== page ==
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Much of the time, people don’t know what they’re looking for. To be more precise: they might know what they want but don’t know exactly which terms to look for to find it.

For example, last year, the fiber internet connection in my home suddenly stopped working. My kiddos alerted me that the box where the fiber cable came into the house had been knocked off the wall. I wanted to see if I could fix it myself, but I didn’t know the box’s name, so I didn’t know what to search for.

I started on Google by typing “AT&T fiber white box,” which was as much as I knew at the time. Some results from Reddit showed a photo that looked like my setup. That’s where I learned that this is called an ONT box. With this information, I could run better searches that revealed details about how the ONT works and what I could and couldn’t fix myself, leading to even better searches.

It’s a typical scenario: I started not knowing what exactly to search for, but by the end, I was knowledgeable enough to a) realize I couldn’t address the issue myself, and b) describe the issue adequately to the right AT&T technician. They showed up the next day at my house and fixed the problem, saving me lots of time.

This story illustrates what information scientist Marcia Bates calls the “berrypicking” model of information retrieval: you start with an imperfect understanding; the things you find suggest other terms you might use to find more useful information. As you go along, you learn the vocabulary needed to make even better searches. You repeat the process until your information need is met. (Read Bates’s 1989 paper and check out her interview on my podcast.)

Diagram of the berrypicking model from Bates (1989)
Diagram of the berrypicking model from Bates (1989)

The berrypicking model describes how many people look for information. Often, they don’t know what they’re looking for or how to describe it, so they can’t enter direct queries upfront. They need good “berries” – recognizable labels – that point them in the right direction so they can become more competent finders.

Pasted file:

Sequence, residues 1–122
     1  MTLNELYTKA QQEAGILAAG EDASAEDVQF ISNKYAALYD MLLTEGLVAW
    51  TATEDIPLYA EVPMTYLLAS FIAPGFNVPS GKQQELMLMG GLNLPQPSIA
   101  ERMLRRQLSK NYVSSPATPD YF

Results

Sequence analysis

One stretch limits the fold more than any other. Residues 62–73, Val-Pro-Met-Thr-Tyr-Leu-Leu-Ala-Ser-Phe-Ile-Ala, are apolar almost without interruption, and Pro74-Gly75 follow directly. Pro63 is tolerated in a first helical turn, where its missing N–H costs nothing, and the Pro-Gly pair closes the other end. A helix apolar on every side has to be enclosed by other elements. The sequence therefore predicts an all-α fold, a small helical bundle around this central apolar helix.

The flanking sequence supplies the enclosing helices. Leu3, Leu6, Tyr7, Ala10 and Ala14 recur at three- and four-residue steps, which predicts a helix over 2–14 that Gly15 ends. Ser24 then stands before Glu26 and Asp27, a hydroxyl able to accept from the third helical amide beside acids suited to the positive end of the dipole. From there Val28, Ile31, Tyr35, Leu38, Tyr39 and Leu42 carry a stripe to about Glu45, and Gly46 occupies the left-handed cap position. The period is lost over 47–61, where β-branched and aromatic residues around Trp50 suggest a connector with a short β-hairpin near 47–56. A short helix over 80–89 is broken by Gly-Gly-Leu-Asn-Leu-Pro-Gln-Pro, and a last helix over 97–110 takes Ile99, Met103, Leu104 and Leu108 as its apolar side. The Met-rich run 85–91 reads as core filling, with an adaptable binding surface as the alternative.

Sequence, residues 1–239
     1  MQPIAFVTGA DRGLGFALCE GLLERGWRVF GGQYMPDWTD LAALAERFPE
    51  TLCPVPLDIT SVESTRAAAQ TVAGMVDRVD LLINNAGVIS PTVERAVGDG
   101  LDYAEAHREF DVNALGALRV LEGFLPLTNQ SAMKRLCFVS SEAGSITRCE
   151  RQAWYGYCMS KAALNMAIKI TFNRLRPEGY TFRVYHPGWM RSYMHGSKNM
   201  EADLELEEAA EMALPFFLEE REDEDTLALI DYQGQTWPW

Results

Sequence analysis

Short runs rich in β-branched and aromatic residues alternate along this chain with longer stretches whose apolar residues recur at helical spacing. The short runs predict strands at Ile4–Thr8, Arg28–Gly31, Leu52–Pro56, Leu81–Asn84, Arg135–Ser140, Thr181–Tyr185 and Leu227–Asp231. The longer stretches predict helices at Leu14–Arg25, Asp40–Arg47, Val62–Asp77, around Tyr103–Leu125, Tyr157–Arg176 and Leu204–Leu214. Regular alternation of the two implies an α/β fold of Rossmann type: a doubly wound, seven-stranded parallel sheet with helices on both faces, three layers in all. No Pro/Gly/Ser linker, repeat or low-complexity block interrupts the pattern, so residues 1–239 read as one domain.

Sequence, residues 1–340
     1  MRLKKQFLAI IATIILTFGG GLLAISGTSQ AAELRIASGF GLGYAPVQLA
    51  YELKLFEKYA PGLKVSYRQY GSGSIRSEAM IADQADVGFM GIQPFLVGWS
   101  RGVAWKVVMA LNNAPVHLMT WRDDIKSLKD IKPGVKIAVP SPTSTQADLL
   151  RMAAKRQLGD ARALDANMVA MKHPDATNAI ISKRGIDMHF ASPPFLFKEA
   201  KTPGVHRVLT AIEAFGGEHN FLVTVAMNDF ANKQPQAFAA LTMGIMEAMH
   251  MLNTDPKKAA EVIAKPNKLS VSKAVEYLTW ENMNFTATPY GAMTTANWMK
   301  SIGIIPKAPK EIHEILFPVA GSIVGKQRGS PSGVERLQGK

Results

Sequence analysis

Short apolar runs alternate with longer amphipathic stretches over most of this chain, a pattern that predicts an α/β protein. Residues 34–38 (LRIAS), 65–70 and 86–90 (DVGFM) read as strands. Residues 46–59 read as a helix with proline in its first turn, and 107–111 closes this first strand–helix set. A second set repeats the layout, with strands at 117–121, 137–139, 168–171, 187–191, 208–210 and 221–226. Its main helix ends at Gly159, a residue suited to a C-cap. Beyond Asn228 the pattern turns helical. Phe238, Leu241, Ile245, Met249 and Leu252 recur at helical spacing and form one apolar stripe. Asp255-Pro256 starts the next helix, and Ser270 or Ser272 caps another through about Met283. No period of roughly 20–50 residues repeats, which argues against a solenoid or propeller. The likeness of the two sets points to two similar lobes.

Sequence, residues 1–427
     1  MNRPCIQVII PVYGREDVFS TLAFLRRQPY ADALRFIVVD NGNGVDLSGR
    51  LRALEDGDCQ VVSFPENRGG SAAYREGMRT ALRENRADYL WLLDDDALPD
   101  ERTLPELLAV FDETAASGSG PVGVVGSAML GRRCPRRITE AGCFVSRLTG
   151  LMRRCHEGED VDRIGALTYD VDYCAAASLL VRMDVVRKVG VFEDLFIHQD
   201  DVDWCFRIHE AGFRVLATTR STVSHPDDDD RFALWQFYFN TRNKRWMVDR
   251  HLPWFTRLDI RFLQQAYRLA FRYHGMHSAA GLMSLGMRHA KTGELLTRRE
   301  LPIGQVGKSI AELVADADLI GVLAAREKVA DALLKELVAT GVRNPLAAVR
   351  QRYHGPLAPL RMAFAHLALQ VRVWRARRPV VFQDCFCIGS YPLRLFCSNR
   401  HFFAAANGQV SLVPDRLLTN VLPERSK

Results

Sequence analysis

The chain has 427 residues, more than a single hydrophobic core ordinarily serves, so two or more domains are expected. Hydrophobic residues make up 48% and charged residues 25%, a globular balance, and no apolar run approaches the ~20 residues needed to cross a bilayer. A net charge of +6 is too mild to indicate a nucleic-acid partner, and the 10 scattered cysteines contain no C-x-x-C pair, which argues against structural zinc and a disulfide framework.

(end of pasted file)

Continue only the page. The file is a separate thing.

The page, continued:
When designing an information system, you need to understand the content you’re organizing and how users understand the subject domain. Sometimes, you’ll deal with expert users with a highly specialized vocabulary. But in most cases, there will be a gap between users’ mental models and expertise and the system’s conceptual structures.

In these situations, you should introduce terms users will find familiar that suggest where they might find the things they need. This is one of the reasons why you should avoid proprietary terminology (e.g., novel marketing terms) in primary navigation structures: at least some users won’t yet know what those terms mean. Much better to show them recognizable terms such as “products” and “services.”

Think of it as strategically planting berries in the environment. As users latch on to these more familiar terms, they’ll build new mental models. Their understanding of the system will grow the more they interact with its information architecture.

Your goal as a designer isn’t to make the system “intuitive”; many systems are much too complex for that. Instead, aim to make the system learnable. That will only happen if users can scaffold new ideas atop ideas they already understand — which requires that you give users recognizable ways in.